We fig­ure out how to solve an urgent win­ter prob­lem.

Why does the objective lens fog up?

With a sig­nif­i­cant tem­per­a­ture dif­fer­ence between the glass lens and the air, water vapor con­dens­es on the glass: water pass­es from a gaseous state to a liq­uid one. As a result, tiny drops of water form on the sur­face of the lens­es, which we see as a fogged lens.

Con­den­sa­tion usu­al­ly appears on the out­er sur­face of the lens. How­ev­er, con­den­sa­tion may also form inside the lens and cam­era, which may cause cor­ro­sion, mold, or oth­er dam­age.

Most often, the lens fogs up if you quick­ly move the cam­era from a warm and dry envi­ron­ment to a cold and humid envi­ron­ment, or vice ver­sa. For exam­ple, when you go out­side from home to take a pic­ture of the sun­rise on a cold morn­ing.

High humid­i­ty also pro­motes this process. The lens may fog up if you take the cam­era into a dry, air-con­di­tioned room in hot and humid weath­er.

How to avoid lens fogging?

Gradual acclimatization

The best way to avoid lens fog­ging is to ensure a slow tran­si­tion between dif­fer­ent ambi­ent tem­per­a­tures and humid­i­ty. Give your equip­ment time to accli­ma­tize. This will take no more than ten min­utes.

Don’t jump out of your car to take a quick pho­to of some­thing. Instead, roll down the win­dow and take a pic­ture from where you are. Or, turn off the heater in the car, open the door, and let the cam­era slow­ly adjust to the out­side tem­per­a­ture.

Maintain a constant temperature

Anoth­er way to avoid lens fog­ging is to keep the cam­era at a con­stant tem­per­a­ture and humid­i­ty.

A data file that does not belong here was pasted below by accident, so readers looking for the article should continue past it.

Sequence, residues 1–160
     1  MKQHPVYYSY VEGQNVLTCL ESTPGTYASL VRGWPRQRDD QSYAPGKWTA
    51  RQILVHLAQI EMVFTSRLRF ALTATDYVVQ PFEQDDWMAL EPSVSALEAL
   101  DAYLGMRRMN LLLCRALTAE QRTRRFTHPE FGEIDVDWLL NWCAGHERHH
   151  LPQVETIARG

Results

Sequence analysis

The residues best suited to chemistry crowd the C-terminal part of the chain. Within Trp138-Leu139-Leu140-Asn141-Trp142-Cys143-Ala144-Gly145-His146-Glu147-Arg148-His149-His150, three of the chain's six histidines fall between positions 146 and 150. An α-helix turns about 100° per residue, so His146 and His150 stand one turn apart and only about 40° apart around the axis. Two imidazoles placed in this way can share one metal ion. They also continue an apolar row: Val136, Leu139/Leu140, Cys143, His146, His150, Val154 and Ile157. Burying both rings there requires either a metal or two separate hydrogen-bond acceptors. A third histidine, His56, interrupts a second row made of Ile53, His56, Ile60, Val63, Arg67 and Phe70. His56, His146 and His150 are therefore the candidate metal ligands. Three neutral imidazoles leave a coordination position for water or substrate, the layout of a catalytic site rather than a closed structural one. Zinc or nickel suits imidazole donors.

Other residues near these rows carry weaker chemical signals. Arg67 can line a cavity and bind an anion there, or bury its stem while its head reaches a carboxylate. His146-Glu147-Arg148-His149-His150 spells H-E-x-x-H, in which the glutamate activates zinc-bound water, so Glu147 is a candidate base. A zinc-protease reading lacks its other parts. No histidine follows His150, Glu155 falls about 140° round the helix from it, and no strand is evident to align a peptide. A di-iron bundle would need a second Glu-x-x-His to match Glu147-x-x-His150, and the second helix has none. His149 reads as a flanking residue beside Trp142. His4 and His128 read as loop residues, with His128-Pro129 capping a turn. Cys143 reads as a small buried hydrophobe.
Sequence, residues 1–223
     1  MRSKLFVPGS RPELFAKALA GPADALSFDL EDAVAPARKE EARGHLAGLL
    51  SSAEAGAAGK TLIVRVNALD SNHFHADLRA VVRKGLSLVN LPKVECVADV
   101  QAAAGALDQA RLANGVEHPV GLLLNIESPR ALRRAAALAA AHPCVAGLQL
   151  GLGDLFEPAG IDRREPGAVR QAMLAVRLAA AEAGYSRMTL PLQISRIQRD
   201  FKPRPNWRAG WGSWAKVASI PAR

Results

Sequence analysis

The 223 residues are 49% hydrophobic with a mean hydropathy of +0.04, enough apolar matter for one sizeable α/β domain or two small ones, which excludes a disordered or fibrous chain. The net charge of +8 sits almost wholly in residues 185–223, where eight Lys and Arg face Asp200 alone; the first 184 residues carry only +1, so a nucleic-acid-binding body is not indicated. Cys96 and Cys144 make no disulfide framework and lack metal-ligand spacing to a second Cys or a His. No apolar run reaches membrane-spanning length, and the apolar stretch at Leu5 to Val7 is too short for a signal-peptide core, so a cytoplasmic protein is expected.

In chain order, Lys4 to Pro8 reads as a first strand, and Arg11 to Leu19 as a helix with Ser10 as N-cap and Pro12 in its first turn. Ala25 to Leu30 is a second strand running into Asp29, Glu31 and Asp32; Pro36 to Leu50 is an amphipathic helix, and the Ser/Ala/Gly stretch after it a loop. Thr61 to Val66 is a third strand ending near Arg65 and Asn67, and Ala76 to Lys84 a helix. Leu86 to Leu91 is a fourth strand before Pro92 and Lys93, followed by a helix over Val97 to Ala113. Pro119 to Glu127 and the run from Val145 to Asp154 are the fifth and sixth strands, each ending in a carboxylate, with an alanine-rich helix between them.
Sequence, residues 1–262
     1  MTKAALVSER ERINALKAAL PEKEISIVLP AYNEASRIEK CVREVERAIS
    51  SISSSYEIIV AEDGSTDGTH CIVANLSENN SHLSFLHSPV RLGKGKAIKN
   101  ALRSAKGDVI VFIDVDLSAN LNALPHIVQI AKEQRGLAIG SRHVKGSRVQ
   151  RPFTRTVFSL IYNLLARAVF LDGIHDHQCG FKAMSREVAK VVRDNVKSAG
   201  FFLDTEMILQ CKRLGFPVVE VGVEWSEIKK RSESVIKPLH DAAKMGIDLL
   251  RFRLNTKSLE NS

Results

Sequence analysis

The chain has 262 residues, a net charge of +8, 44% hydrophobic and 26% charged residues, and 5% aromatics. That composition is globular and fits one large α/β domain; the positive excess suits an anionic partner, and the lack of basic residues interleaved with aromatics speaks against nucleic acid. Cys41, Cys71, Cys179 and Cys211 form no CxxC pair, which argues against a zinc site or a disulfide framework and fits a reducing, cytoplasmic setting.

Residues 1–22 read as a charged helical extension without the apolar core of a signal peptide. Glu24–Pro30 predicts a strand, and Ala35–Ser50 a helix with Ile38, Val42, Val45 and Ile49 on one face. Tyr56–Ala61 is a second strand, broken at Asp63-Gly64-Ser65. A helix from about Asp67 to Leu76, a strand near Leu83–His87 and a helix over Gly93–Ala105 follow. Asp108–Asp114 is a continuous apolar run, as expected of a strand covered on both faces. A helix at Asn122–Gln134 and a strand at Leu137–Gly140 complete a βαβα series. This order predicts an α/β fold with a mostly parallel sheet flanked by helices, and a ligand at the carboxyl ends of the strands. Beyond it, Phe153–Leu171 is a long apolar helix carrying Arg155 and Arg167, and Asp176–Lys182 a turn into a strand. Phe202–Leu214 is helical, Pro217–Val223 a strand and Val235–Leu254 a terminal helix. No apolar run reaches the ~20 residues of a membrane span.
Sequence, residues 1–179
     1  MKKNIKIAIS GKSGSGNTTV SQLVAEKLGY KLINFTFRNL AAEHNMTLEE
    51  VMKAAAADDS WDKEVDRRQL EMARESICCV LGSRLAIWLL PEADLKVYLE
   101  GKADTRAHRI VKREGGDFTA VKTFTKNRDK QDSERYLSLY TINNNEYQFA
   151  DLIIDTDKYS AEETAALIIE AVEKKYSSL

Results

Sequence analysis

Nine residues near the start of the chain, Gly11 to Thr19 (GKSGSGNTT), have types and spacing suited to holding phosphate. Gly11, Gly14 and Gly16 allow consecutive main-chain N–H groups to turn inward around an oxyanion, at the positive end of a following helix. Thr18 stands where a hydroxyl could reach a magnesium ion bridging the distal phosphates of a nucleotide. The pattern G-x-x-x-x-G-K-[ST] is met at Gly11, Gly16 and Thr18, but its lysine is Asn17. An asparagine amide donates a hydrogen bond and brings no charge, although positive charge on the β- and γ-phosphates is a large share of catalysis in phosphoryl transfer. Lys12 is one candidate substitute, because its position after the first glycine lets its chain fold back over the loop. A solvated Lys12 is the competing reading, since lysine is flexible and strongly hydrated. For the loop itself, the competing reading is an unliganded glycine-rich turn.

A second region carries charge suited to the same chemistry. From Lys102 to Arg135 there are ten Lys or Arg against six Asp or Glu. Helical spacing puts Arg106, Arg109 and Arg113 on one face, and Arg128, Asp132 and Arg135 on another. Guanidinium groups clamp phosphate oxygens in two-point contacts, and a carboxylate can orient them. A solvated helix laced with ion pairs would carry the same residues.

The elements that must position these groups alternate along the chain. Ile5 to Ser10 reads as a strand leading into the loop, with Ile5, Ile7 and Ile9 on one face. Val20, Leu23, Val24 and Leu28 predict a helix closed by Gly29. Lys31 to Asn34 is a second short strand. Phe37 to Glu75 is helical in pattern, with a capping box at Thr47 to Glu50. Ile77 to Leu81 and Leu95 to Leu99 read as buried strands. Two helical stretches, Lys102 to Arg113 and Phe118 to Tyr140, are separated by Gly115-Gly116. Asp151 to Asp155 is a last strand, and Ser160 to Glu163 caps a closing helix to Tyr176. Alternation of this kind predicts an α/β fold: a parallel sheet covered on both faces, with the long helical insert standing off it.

For exam­ple, if you are in a warm and humid envi­ron­ment, don’t keep your cam­era at home — leave it on your bal­cony or out­side in a safe place. If you are in a cold envi­ron­ment, keep your cam­era and lens in a ven­ti­lat­ed com­part­ment instead of a soft, insu­lat­ing back­pack. For exam­ple, a car trunk is a more suit­able option than a warm inte­ri­or.

Don’t Forget About Humidity

To keep your gear dry, invest in a high qual­i­ty cam­era bag and microfiber cloths. Wipe the cam­era and lens peri­od­i­cal­ly to keep them free of mois­ture. If you place a few sil­i­ca bags next to your gear, they will absorb mois­ture and keep it dry.

Con­sid­er addi­tion­al equip­ment as well. For exam­ple, you can pro­tect the cam­era with a rain cov­er. There are rain­coats even for tele­pho­to lens­es, and if you are a nature pho­tog­ra­ph­er, then, for exam­ple, you may need a rain­coat with a cam­ou­flage pat­tern.

Be patient and wait

In gen­er­al, nature can do its job. Nat­ur­al “clean­ing” of the lens takes about 20 min­utes on aver­age. You can help this process by occa­sion­al­ly wip­ing the lens with a microfiber cloth.

Remove filters

If your lens has fil­ters, remove them. Some­times only fil­ters fog up. Also, you may get con­den­sa­tion between fil­ters or between the last fil­ter and the lens. So take them off one by one and wipe them sep­a­rate­ly.

Additional lens

If you are shoot­ing out­doors and there is no way to wait, use anoth­er, already accli­ma­tized lens.

Improvise and create

You can impro­vise and take a good shot with a fog­gy lens. For exam­ple, it can cre­ate a unique atmos­phere for win­ter morn­ing land­scape pho­tog­ra­phy.

It can also pro­mote even soft light and add a wist­ful touch to your images. Some details of the pho­to will be lost, which is use­ful if you want to hide the uploaded back­ground. Cre­ate abstract com­po­si­tions and exper­i­ment with cam­era move­ments, pan­ning and cre­ative focus­ing.


Shoot­ing nature and land­scapes requires care­ful plan­ning and knowl­edge of envi­ron­men­tal con­di­tions. The scenery here changes quick­ly, so you do not have time to think and adjust the cam­era.

Be sure to con­sid­er tem­per­a­ture and humid­i­ty. Give your cam­era and lens time to accli­ma­tize, or let your imag­i­na­tion run wild — you can cre­ate even with a fog­gy lens!